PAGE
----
Sunday morning, I watched the sun rise and listened to the woods wake up, sitting in a clump of willow and grapevines, wearing an itchy mesh camouflage face mask and waiting for a turkey. I’m not normally the type of person who gets up hours before dawn to wait for unsuspecting wildlife, but this weekend, I participated in a Learn to Hunt program sponsored by the Wisconsin DNR and the National Wild Turkey Federation.
The WDNR runs a variety of learn to hunt programs, but this weekend’s was aimed at introducing Madison’s sustainable food enthusiasts to a new way of locally sourcing their meat. Each novice is paired with an experienced mentor. My roommate Meg and I decided it sounded like fun, and signed up. We all met for a pre-hunt class on firearm safety and turkey season regulations. At a glance, it looked like an unlikely party- mentors in camo looking totally at home at the gun range where we met and mentees in hand knit hats who looked like they belonged at the downtown farmer’s market. But that was just the stereotypes- soon everyone was chatting.
I quickly learned that there was a lot to learn. To be a successful turkey hunter, you have to learn to identify good turkey habitat and understand the nuances of turkey behavior. You have to learn how to flirt with the male turkeys by making sexy lady turkey calls to get them to come over to visit your strategically placed decoys.
Until recently, I never thought that I’d want to learn to hunt. I didn’t grow up around it and guns always seems a little scary until I had to learn to shoot a shotgun as safety requirement for working in the Denali National Park backcountry. And that was hard! I’m not naturally a patient person either, so a hobby that involves sitting still and quiet for hours didn’t immediately appeal. But here in Wisconsin, hunters are passionate people, and in their stories, I recognized how well they know wildlife and their habitats. I love being outside and the feeling of understanding my surroundings, usually from the perspective of the vegetation communities. I realized that good hunters can see landscape from a wildlife perspective, reading the signs that were invisible to me about good habitat, tracks, calls, and more. I wanted to try on this new lens for looking at landscape, so I decided to try on hunting.
My mentor, Dan, is a Madison musician turned software developer who’s been hunting since childhood. Our first day out, I quickly realized how much I didn’t know. Wearing his camo and carrying his gun, I followed him through a narrow strip of public land in the dark, just trying to hike quietly while he scouted for tree silhouettes that might be roosting sites for the turkeys he’d seen hanging around the area the day before. I stood around helplessly as he tested several strategies for placing a decoy in a visible place and finding a good natural blind to hide us. As we settled in, listening for turkeys in a early morning cacophony of geese, cranes, and songbirds, he heard calls I totally missed. When we gave up on our spot and trekked out in search of the birds, he always spotted them first.
Although I’m still not sure I’ll ever love sitting and waiting, I really enjoyed trying to listen, observe, and understand the woods around me in a much more intimate way then when I’m just hiking on through. Staying still on high alert, focused on listening, actually felt kind of mediative, since you couldn’t let your mind wander too far off. Sure, I could do that without the goal of hunting, but having that purpose gave me an extra motivation to pay attention and not fall asleep. Also, it turns out that trying to crawl through the woods quietly while carrying a shotgun is really hard.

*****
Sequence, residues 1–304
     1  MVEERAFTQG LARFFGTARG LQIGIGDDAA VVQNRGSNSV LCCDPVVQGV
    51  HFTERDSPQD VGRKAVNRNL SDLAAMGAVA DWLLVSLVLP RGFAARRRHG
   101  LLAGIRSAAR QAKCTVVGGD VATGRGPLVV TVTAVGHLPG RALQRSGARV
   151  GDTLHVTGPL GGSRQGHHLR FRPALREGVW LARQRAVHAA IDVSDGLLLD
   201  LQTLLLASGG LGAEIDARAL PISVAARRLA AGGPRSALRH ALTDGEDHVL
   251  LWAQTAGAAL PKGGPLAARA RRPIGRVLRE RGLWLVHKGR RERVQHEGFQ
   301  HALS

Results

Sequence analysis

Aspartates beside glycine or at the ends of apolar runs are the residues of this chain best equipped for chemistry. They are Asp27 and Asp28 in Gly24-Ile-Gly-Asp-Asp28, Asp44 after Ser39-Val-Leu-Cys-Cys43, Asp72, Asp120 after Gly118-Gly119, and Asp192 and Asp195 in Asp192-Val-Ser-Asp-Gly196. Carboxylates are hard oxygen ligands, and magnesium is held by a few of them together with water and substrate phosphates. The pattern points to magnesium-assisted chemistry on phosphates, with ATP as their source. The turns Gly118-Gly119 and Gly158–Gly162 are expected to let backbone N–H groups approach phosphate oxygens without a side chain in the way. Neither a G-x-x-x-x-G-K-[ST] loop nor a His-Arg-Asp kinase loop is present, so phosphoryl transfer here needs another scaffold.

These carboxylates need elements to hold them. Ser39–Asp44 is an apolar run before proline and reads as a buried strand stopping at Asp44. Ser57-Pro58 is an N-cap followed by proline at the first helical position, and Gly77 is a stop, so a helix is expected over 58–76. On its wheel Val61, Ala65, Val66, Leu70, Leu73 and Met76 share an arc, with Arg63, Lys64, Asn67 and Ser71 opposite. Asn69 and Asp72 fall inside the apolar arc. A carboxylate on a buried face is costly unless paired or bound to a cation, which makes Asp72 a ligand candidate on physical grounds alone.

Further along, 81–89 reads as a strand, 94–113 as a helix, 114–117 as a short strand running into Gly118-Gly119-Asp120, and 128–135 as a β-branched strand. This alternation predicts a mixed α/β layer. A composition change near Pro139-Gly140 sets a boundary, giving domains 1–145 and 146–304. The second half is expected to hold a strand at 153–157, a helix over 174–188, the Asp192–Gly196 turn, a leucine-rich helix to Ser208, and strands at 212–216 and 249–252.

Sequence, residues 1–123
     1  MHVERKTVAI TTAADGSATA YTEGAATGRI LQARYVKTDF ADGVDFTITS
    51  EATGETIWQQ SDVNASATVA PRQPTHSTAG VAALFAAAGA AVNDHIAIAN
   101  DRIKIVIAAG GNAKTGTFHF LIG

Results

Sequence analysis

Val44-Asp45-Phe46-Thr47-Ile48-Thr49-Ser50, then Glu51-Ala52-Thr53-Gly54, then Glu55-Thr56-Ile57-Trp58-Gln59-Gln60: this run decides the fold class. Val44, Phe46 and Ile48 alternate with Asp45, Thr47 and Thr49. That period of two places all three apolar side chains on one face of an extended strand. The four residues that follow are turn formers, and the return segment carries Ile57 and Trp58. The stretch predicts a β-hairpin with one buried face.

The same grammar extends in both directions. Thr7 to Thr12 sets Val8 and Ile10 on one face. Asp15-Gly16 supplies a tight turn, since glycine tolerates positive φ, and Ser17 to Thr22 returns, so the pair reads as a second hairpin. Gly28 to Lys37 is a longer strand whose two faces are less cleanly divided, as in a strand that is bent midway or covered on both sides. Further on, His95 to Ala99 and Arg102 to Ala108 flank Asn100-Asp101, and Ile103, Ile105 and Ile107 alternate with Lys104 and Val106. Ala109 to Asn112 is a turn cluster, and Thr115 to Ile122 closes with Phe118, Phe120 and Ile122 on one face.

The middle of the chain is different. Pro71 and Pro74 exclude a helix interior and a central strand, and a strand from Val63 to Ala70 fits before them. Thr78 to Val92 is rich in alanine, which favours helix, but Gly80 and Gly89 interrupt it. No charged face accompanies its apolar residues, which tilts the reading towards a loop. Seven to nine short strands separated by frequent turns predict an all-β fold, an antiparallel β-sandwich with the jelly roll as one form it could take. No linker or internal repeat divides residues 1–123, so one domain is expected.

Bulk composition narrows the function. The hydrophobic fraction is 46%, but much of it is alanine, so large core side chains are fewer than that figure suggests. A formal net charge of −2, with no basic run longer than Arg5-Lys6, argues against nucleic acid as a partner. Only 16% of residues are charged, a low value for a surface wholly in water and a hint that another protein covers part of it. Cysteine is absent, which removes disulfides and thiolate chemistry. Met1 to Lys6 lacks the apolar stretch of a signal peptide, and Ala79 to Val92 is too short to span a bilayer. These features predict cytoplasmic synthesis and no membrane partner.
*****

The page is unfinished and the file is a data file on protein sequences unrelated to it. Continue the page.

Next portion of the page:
Our second day, Dan’s plan worked perfected. We hid in the brush, calling and waiting, until two big gobblers decided to come check out our decoy. They came over a rise and were suddenly very close to me, very quickly. Wow! it worked, two big beautiful birds are right here. Oh wait, I’m supposed to shoot them! I tried to pick up the gun to get in position slowly, but the barrel made some noise against the branches and they heard it, and looked straight at me. Caught! I think if I was comfortable with the gun, with the whole idea of shooting at them, I probably could have got the shot off fast enough. Instead, as I tried to think through taking off the safety and aiming, they had begun to walk away. I shot, and missed because they were already on the move. As the shot rang out, they flew off, disappearing behind us into the marsh and the only sound left was Dan cursing- I’d like to believe with me, not at me.
Everything worked perfectly, except me. The turkeys won. I’ve been replying it over and over in my mind, trying to learn from Dan’s advice on my key mistakes. He said I should have waited longer to pick up my gun- pick up, aim, shoot, as quick as possible so they don’t have as much time to react to any tiny noises. I’m sure it’d help too if I could just shoot on instinct too, instead of having so many thoughts. It’s just hard to be ready for something you haven’t done before.
In fact, I’ve probably learned more from my mistakes then I would have from lucky success. But from the whole experience introduced me to new way to look at my natural surroundings. It’ll take me a long time to get good at it, but I think I might like to. It totally makes sense why so many hunters are strong advocates for conservation- we need to protect wild places and keep them healthy if we want to hunt healthy wildlife. The folks who lead this program had an obvious love for turkeys and a simultaneous desire to kill them. That might seem contradictory when I say it, but it really didn’t feel that way- they respect the birds and their habitat, I think. For me, I learned a new way to see the woods around me in Wisconsin. Now, I can’t help looking for turkeys as I drive along country roads.